These ventures don’t just make money. If extra income is a priority, a job may be the better option. However, starting a business can provide invaluable experience in life for children. It also helps them develop practical skills such as organization, money management, and problem-solving.
Here are some tips for making this summer a successful one for your budding entrepreneur:
1. Select a business. Let them follow their passion.
Your child should be passionate about the work he or she does. It is important that they enjoy the experience and don’t lose interest.
If your child does not have a business idea, ask them to make a list. They could also start a pet-walking business or pet-sitting company if they are passionate about animals. They might be interested in selling candles on Etsy by making candles. They could also hold an acting workshop, teach music lessons, or design a mobile application.
It is okay to think out of the box. Tony Hsieh, the founder of Zappos, started a worm farm when he was nine years old to become the “number one worm farmer in all of the world.” He also refused to believe that it would not work or that anyone would pay them for their idea. The result is not necessarily the most important thing.
2. Make a plan and set goals.
Think about the details that will make your idea a reality. What equipment, training or supplies do they require? What equipment, supplies or training do they require to mow lawns? They will need a lawnmower, gas, and other supplies. Do they need to take CPR and first aid training before they babysit?
Write down your business goals, both financial and otherwise. These goals can be re-visited in September, which will be educational and fun.
3. Introduce the concept of money management.
Summer businesses are a great way for kids to learn basic money management skills, as well as more complex topics such as managing overheads and calculating gross profit. Teenagers can track income and expenses. Younger children can practice adding up prices and counting change.
To help your child start a business, you may have to lend money. You may need to give your child money to help them start their business. Have them list all upfront costs so they can calculate how much. As long as your child contributes some of their allowance or birthday money, you could offer to fund a specific amount. A meeting could be held where your child presents their idea and discusses their financial needs.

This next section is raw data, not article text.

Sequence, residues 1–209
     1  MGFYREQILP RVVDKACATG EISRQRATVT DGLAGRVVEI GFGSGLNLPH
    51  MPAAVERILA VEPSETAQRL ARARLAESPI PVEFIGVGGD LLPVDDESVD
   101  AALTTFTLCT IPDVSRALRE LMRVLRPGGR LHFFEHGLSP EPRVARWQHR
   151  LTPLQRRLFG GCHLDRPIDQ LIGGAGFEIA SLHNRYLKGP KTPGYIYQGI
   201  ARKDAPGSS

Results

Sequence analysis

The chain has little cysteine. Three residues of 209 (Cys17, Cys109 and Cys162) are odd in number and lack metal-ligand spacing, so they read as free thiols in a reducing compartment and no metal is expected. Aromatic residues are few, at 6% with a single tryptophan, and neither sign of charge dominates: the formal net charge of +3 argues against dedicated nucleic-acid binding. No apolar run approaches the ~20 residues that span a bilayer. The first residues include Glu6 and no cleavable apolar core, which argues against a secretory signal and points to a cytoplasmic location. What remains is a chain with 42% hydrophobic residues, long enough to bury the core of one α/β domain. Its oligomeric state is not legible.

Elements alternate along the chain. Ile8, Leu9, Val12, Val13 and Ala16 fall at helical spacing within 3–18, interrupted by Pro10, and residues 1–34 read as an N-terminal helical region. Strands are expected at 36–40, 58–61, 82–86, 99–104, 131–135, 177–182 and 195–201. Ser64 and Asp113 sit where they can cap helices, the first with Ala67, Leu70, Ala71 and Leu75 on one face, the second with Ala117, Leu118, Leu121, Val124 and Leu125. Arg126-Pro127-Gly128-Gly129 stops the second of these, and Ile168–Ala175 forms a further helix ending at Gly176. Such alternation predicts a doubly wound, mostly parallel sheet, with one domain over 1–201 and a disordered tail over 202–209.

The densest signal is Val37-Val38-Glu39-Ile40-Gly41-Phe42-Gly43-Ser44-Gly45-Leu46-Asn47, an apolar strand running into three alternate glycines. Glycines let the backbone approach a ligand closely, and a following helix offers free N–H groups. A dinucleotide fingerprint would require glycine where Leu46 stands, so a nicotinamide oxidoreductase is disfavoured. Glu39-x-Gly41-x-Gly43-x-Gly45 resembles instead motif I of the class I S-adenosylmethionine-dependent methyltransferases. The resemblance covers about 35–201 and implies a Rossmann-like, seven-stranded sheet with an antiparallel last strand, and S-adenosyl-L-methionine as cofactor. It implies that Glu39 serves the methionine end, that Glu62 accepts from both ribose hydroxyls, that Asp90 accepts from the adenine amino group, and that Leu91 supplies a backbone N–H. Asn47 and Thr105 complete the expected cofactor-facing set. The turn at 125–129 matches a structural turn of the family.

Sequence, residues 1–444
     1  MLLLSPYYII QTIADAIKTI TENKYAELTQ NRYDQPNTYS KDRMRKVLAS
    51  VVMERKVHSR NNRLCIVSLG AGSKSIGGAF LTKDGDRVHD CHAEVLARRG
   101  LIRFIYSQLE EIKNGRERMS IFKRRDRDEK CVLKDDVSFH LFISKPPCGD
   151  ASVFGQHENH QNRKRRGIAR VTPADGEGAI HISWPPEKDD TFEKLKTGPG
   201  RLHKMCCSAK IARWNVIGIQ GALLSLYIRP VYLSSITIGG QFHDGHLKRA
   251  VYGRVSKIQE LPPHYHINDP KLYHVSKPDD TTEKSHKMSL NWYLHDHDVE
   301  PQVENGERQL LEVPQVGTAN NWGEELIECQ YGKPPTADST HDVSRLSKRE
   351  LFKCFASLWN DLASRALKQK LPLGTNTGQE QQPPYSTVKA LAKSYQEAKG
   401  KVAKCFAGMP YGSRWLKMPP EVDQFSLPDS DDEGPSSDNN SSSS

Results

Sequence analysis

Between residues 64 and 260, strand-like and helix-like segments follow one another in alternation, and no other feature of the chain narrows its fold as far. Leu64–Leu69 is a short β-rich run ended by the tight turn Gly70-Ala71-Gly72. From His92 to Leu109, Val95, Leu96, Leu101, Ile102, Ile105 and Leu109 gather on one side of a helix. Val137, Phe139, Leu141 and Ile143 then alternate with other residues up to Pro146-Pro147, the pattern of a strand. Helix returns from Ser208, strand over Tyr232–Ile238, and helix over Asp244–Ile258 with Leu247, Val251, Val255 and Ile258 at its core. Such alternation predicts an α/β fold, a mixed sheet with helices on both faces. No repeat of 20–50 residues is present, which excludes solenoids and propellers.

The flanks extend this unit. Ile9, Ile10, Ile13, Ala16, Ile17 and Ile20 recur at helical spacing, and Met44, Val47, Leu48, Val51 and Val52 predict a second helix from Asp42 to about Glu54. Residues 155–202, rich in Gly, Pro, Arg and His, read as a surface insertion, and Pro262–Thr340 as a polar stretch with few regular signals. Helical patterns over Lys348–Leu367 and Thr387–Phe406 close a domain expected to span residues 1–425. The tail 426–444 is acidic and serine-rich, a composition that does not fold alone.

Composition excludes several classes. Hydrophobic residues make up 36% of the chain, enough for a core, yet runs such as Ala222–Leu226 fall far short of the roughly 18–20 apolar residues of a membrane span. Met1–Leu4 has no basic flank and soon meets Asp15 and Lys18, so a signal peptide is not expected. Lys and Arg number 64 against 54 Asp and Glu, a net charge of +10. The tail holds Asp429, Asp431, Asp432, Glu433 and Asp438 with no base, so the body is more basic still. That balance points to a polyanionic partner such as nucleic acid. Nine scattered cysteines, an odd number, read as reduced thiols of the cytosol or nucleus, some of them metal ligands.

4. Improve your customer service skills and communication skills.
Entrepreneurship requires the ability to communicate effectively and listen well. Your child should learn how to explain succinctly their product/service, and what their business’ value proposition is. Encourage your child to be responsive to special requests and stress the importance of customer service.
5. Take care of the legal requirements
Children business owners must follow the same legal rules as adults. Check with your local clerk’s office to find out if permits or licenses are required.
You may want to set up a company structure if your family is concerned about the success of the business or how it will affect their assets. For example, our oldest son loves designing apps. If we feel that an app will be a commercial success on iTunes, then we’ll roll it under our holding firm. If we don’t have a holding company for the app, we would form an LLC (Limited Liability Company). You decide what your child’s business is and how your family will protect themselves.
6. Pay taxes
Your child will need to file their tax return if they earn more than $400. They won’t likely owe income tax but will have to pay self-employment taxes. You can help them prepare by setting aside 15% of their earnings for tax purposes. Their business income and expenses will be reported on Form 1040 Schedule C. Self-employment tax will be reported on Schedule SE. In case you were wondering, your child can still be declared dependent even if they file their return.
It is important to remember that it should be enjoyable. Entrepreneurship is not just about work. It’s a labor of love. Entrepreneurship is about taking risks, making mistakes, learning from them, and then doing it again. Ensure that you keep these messages in your mind throughout the journey.